You don’t see too many 6-2 formations in football these days because of the advancement of spread offenses. However, against certain teams it is a very advantageous formation if you have the personnel to run it. Pitt was the perfect opponent to use the 6-2 against, and the Hokies certainly had the personnel to pull it off.
The 6-2 defense dates all the way back to the 1930s, if not further. There are variants of the 6-2, but the basics are this:
Two defensive ends
Two defensive tackles
Two defensive guards
In fact, this defense is still used by some high schools around the country. It was the defense that my high school used when I was in the ninth grade (I was the cornerback out there by himself, with no help … not too fun as a freshman).
Virginia Tech used a variant of the 6-2 during Frank Beamer’s early tenure called the Wide Tackle Six. It was technically a 4-4 defense with two ends, two tackles, two outside linebackers and two inside linebackers, but those outside backers could align on the line of scrimmage at any point. That basically made them standup defensive ends. The regular defensive ends were essentially defensive tackles in that alignment, and the regular defensive tackles became defensive guards.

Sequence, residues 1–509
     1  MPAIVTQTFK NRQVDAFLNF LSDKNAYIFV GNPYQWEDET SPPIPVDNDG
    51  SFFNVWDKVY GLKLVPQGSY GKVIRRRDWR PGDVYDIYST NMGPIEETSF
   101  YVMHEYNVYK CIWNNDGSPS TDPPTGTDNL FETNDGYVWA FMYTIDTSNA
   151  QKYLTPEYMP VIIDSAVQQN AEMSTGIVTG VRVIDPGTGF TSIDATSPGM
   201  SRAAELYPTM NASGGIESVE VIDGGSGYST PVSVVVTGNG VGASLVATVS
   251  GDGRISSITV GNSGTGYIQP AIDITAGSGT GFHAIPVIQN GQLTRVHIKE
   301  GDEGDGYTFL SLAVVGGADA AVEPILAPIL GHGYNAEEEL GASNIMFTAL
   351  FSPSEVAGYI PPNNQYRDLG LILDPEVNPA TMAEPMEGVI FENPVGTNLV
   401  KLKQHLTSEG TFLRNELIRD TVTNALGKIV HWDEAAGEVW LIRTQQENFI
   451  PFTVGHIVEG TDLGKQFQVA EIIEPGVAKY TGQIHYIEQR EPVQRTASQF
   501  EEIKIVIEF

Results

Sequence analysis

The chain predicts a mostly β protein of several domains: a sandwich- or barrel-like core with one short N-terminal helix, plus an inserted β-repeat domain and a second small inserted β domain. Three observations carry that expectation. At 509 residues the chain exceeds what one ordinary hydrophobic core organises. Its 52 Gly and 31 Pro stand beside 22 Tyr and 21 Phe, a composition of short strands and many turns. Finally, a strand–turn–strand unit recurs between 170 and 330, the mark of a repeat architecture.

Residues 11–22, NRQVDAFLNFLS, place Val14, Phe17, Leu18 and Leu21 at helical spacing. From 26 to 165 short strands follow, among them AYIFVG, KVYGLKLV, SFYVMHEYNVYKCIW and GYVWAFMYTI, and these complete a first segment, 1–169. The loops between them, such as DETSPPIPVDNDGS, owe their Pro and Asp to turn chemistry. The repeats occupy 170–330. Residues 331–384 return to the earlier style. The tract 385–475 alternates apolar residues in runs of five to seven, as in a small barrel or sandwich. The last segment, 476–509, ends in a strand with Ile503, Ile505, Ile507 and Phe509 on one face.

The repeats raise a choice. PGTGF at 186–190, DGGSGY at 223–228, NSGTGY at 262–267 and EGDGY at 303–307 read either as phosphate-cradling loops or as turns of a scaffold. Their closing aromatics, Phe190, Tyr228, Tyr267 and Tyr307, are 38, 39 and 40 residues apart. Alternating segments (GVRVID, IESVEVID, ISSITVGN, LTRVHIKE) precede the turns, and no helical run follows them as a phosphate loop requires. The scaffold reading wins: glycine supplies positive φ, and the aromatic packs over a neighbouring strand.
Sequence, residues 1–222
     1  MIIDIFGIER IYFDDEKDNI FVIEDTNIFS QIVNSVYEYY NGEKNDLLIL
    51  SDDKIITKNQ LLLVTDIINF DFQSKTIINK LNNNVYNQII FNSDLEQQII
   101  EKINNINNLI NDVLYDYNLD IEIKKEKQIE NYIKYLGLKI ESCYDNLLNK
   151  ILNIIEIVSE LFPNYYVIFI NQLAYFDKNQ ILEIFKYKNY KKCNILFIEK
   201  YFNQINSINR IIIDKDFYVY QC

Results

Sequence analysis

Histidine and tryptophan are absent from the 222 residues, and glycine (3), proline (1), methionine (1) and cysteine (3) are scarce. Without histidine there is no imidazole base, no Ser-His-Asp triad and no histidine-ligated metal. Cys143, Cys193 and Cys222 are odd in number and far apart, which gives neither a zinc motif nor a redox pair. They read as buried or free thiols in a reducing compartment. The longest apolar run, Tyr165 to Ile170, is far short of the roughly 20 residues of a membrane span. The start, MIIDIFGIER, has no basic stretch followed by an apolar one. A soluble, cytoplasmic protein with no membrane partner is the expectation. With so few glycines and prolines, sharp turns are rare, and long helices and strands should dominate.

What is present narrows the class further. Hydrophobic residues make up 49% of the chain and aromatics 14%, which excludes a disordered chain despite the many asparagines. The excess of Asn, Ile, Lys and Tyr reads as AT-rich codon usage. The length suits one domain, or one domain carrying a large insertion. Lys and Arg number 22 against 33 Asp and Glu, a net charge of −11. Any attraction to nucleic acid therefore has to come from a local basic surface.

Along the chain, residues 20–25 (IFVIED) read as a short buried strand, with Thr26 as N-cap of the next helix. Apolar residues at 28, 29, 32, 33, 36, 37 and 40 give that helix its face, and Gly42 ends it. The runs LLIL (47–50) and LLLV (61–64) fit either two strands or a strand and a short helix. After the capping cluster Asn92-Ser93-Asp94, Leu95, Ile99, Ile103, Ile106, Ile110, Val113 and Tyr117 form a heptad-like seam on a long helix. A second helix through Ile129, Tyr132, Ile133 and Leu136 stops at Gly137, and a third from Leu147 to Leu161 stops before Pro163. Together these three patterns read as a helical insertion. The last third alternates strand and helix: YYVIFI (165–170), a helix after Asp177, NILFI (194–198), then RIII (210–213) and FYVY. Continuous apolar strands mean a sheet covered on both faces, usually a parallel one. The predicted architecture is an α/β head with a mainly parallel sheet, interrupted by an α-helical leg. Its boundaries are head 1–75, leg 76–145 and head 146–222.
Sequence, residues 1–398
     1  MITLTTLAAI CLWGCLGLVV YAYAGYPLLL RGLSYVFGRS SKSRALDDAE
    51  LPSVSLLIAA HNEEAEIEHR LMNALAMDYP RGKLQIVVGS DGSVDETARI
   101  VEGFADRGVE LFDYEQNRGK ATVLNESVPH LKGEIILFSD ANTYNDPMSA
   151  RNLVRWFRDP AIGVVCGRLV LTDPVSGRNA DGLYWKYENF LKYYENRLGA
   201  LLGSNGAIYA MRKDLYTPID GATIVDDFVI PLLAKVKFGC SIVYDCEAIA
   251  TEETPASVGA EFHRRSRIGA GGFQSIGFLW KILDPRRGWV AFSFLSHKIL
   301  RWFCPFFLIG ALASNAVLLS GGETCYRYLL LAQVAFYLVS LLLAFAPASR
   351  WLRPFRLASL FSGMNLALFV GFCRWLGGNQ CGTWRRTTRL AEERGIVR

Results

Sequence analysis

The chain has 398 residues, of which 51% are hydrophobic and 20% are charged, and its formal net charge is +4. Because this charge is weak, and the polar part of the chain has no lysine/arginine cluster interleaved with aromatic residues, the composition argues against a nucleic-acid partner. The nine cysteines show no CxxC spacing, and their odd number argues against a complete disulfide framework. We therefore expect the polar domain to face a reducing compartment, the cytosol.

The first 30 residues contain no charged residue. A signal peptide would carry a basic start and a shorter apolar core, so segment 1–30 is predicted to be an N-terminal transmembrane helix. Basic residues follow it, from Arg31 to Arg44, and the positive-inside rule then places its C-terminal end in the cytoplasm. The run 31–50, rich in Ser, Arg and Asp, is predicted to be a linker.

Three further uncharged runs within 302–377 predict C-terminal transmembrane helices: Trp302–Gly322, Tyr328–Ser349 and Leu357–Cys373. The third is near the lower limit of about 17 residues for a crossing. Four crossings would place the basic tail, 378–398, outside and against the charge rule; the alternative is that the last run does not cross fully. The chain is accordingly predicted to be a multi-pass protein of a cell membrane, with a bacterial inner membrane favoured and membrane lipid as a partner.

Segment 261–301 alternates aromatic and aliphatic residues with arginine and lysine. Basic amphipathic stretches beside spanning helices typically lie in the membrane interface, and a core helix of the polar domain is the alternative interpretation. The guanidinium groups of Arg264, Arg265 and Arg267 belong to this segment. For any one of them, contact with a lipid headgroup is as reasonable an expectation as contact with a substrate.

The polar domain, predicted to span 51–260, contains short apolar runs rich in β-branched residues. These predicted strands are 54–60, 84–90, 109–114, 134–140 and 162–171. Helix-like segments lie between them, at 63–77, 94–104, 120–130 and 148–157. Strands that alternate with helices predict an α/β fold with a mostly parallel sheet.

From left to right, here’s what Virginia Tech’s front eight looked like in 1992.
LOLB: P.J. Preston (6-2, 221, r-Jr.)
LE: Billy Swarm (6-3, 234, r-So.)
LILB: Melendez Byrd (6-0, 215, Sr.)
LDT: Don Davis (6-2, 249, r-Sr.)
RDT: Jerome Preston (6-5, 288, Sr.)
RILB: Rusty Pendelton (6-3, 227, Sr.)
RE: Bernard Basham (6-5, 233, r-Jr.)
ROLB: Ken Brown (6-2, 227, So.)
(Note how small that defensive front is. Players are a lot bigger these days.)
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